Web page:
Sri Lanka won the final one-day international in Birmingham by six wickets on Tuesday, a game that will be remembered for the controversial run-out of England’s Jos Buttler, to triumph 3-2 in the five-match series.
After winning the toss England laboured to 199 for six but had the dangerous Buttler, who made a brilliant 121 in the fourth game at Lord’s on Saturday, at the crease on 21.
The wicketkeeper-batsman was then dismissed at the non-striker’s end by Sachithra Senanayake who took the bails off when Buttler strayed out of his crease as the off-spinner was about to deliver the ball.
Buttler had already received several warnings in this game, and at Lord’s, for backing up too far but umpire Michael Gough asked Sri Lanka captain Angelo Mathews if he was sure that he wanted Senanayake’s appeal to stand.
Mathews replied in the affirmative and the batsman had to make his way back to the pavilion.
The run out had added significance with Senanayake the subject of an International Cricket Council (ICC) investigation for a suspicious bowling action.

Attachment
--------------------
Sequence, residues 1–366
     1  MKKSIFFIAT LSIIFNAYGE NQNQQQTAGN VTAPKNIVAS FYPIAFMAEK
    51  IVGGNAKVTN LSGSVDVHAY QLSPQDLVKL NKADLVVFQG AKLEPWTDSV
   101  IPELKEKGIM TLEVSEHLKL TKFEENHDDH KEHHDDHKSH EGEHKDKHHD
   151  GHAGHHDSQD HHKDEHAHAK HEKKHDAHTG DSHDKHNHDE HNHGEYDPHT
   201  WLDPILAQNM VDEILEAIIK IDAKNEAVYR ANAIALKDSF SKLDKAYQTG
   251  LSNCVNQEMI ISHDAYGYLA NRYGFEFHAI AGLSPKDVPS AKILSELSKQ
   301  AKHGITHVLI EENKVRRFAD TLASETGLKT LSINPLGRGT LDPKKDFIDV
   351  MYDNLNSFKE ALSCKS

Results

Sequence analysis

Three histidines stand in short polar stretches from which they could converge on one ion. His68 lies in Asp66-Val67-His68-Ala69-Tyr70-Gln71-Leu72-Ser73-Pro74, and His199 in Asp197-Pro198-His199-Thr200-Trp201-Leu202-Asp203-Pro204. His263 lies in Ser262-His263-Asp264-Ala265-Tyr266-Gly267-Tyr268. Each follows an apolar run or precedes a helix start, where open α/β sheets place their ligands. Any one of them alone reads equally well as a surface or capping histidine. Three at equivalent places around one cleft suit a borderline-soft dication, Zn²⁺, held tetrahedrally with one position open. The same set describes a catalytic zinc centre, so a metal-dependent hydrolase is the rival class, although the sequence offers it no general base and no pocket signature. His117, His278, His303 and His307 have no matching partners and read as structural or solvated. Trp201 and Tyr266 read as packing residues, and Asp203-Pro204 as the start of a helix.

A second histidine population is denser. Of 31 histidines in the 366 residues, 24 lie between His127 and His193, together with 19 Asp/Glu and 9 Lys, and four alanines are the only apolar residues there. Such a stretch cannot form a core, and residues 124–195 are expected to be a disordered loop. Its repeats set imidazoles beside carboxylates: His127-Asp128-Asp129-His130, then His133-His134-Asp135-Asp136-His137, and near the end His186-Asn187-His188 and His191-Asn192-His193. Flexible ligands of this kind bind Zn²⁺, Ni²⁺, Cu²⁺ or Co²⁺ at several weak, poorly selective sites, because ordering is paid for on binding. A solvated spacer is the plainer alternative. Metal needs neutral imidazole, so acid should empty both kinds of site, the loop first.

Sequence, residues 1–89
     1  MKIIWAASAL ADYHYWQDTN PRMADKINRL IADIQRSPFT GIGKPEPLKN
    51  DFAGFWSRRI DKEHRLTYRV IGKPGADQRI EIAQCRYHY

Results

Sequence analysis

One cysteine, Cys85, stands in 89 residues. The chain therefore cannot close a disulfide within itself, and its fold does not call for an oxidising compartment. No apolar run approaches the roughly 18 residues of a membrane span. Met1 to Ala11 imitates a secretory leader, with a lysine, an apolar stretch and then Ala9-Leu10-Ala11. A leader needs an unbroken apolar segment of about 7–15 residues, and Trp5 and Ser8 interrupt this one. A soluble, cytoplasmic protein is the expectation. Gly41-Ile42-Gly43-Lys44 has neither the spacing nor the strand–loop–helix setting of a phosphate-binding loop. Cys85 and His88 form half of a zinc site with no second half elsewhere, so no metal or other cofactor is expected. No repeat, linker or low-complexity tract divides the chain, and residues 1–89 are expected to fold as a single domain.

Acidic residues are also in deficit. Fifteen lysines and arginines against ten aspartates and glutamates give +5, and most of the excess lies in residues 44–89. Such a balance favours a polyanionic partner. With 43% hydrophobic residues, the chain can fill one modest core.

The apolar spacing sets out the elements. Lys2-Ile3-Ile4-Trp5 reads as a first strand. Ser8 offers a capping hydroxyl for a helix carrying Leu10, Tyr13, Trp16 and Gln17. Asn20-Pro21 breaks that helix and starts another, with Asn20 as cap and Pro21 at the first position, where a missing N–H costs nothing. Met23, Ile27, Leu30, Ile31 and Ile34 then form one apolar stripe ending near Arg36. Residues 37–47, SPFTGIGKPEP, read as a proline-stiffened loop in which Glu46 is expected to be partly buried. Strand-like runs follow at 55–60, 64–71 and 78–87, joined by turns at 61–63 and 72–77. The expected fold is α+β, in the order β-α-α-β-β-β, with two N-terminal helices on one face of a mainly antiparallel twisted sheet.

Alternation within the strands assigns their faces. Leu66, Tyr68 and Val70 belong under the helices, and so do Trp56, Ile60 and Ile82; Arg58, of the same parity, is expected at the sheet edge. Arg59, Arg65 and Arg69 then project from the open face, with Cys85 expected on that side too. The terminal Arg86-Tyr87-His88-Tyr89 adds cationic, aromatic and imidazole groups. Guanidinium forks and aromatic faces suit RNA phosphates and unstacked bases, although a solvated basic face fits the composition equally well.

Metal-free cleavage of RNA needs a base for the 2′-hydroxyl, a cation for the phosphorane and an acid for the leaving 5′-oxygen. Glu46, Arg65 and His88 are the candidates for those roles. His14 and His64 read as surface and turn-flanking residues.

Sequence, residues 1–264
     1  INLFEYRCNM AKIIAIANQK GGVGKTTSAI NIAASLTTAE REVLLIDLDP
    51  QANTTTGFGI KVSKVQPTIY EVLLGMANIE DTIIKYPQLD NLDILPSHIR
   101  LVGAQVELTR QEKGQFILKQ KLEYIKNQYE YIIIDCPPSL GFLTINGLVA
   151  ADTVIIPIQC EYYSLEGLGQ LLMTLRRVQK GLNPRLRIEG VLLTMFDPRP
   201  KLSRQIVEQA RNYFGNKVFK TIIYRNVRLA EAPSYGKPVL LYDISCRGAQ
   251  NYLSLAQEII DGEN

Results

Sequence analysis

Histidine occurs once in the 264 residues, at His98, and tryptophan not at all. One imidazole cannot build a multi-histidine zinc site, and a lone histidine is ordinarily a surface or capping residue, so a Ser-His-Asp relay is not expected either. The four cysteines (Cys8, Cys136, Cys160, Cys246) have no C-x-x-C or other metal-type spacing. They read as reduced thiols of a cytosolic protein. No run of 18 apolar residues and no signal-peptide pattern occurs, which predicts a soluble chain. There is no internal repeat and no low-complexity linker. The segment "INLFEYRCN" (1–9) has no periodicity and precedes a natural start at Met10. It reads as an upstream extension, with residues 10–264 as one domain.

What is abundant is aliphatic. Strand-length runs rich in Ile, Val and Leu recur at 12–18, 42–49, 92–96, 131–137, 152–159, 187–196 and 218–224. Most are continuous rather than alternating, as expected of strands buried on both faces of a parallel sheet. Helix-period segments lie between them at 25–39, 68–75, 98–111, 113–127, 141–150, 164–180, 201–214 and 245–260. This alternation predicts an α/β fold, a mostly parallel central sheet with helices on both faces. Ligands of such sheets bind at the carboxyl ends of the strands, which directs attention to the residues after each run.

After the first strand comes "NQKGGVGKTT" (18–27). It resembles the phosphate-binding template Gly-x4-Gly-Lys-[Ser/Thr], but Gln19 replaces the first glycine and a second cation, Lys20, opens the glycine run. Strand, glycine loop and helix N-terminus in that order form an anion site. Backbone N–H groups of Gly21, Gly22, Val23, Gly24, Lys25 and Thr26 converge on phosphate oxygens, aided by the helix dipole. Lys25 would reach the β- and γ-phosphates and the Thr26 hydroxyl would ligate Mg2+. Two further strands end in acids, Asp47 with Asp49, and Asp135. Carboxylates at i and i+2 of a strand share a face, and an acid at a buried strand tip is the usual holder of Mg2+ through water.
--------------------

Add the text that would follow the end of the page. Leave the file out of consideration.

When the teams shook hands after Tuesday’s game at Edgbaston, clearly disgruntled England skipper Alastair Cook exchanged words with Mathews.
“He has been taking unfair starts, not just in this game but in the last game as well,” the Sri Lanka captain told Sky Sports after his side reached their target of 220 with 10 balls to spare.
“We gave him two warnings in the spirit of cricket. I actually don’t know how to stop a batsman doing that continuously so we had to go for it. I would stick by [the decision] because what we did was completely within the rules.”
Cook said he was “obviously disappointed” with the Sri Lanka appeal.
“You’re going to have to ask Angelo why he did it,” added Cook. “I hope I wouldn’t do it.
“Emotion can get the better of you. You hope you wouldn’t do it but until you’re put in that situation you don’t know how you’d handle it.”
England coach Peter Moores was also “disappointed” with the Sri Lanka appeal.
“Angelo made his decision and it’s not for me to comment on why he did it,” said Moores. “He’s made his choice and obviously he’s happy with it because that’s what he said at the end of the game.
“We would discuss it with Alastair [in a similar scenario). That’s Angelo’s choice and that’s what he thought was the right decision at the time. I might disagree but it’s not my decision, it’s his.”
Led by an opening stand of 76 between Cook (56) and Ian Bell (37), England were bowled out for 219 after electing to bat first.
Paceman Lasith Malinga was, as usual, the most dangerous Sri Lankan bowler as he finished with three for 50 from 9.1 overs. The tourists began their reply in explosive fashion with Tillakaratne Dilshan and Kusul continued…